“Damned if you do; Damned if you don’t”

 

Desalegn Lidetu  12/05/09

 

I borrowed my headline from Fortune’s editorial (Fortune, Nov. 29). In this editorial titled: “Land Use: Where Skepticism, Opportunity Meet; Oversight is Key,” Fortune drives home to us why we should not overlook the benefits of FDI in food crops’ development. Clearly the item is meant to help raise public awareness that the rumors high in the air that the growing overseas investments flowing into Ethiopia of late for food crops’ growing could be looked at as something of a big free lunch for foreign nations is wide off the mark.

 

I’m afraid we’ve taken pride for too long for being a nation with untapped resources. We sang too many songs of the same tune for decades on end. We sang sitting on our untapped potentials. I believe it is high time we took to heart the morale there is in the fable: “The Ant and the Grasshopper”. High time we deferred our singing for the big harvest.

 

The irony is that one can be almost certain that the government would have faced criticism if it had had declined the offers from these companies. In this other scenario, who else would’ve invoked the word against?

 

Modernity has not come easy to this country. I always wish we had the sound bite of that debate between Emperor Menelik versus his right-hand man, Ras Mekonnen on the prospect of the Ethio-Djibouti railway project. The later was said to have vehemently opposed to the idea because it might’ve served a sort of a Trojan horse for the then forces on a colonizing spree. That was in the wake of the 20th century. It turned out that “oversight” triumphed. The railway served for a century. Ras Mekonnen’s was understandably an honest concern, I suppose.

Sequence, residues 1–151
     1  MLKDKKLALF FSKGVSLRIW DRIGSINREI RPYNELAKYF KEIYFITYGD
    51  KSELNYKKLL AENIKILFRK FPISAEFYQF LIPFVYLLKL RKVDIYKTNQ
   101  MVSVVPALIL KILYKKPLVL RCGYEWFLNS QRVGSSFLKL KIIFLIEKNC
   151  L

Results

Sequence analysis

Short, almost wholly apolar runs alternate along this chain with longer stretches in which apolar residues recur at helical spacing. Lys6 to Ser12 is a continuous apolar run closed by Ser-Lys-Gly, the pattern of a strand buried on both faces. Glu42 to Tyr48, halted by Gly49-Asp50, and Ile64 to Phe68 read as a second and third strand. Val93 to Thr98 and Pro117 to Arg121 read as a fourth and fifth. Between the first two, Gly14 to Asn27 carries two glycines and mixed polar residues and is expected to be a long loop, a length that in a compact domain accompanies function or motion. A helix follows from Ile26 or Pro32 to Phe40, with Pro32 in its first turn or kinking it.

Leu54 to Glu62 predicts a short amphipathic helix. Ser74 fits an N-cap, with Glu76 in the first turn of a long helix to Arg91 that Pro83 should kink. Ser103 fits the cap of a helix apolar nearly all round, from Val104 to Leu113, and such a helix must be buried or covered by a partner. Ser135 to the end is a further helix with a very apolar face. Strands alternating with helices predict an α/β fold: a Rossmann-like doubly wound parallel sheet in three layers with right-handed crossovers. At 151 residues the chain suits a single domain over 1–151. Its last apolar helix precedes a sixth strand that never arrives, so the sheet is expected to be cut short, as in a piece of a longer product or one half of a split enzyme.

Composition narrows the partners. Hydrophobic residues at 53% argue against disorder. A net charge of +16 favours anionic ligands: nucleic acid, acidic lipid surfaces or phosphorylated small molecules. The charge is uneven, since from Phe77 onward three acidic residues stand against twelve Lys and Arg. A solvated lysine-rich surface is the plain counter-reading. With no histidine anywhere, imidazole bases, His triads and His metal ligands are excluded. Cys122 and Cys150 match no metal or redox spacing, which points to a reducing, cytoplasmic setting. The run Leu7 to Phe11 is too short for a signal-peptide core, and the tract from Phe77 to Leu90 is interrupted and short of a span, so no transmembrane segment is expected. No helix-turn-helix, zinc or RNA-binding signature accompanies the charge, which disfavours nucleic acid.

In a similar vein, Menelik had the first tap-water installed on the premises of his palace – known then as Gibbi – and the old man was rumored against as having succumbed to witchcraft by the fashionable townsfolk clad in Sarian clothes, wrapped neck to waist in Gabbi, loose weave-cotton fabrics the size of a French-door curtain, walking bare-feet up and down the then narrow streets of Addis Ababa, or on board horse-driven carts, or riding mules or horses. Many are anecdotes of this kind from that generation who saw many of the “firsts” of public utility, gadgets, facilities and all. (I’m not sure how much of these are part of recorded history. But the spirit of suspicion and skepticism lives on to this day.)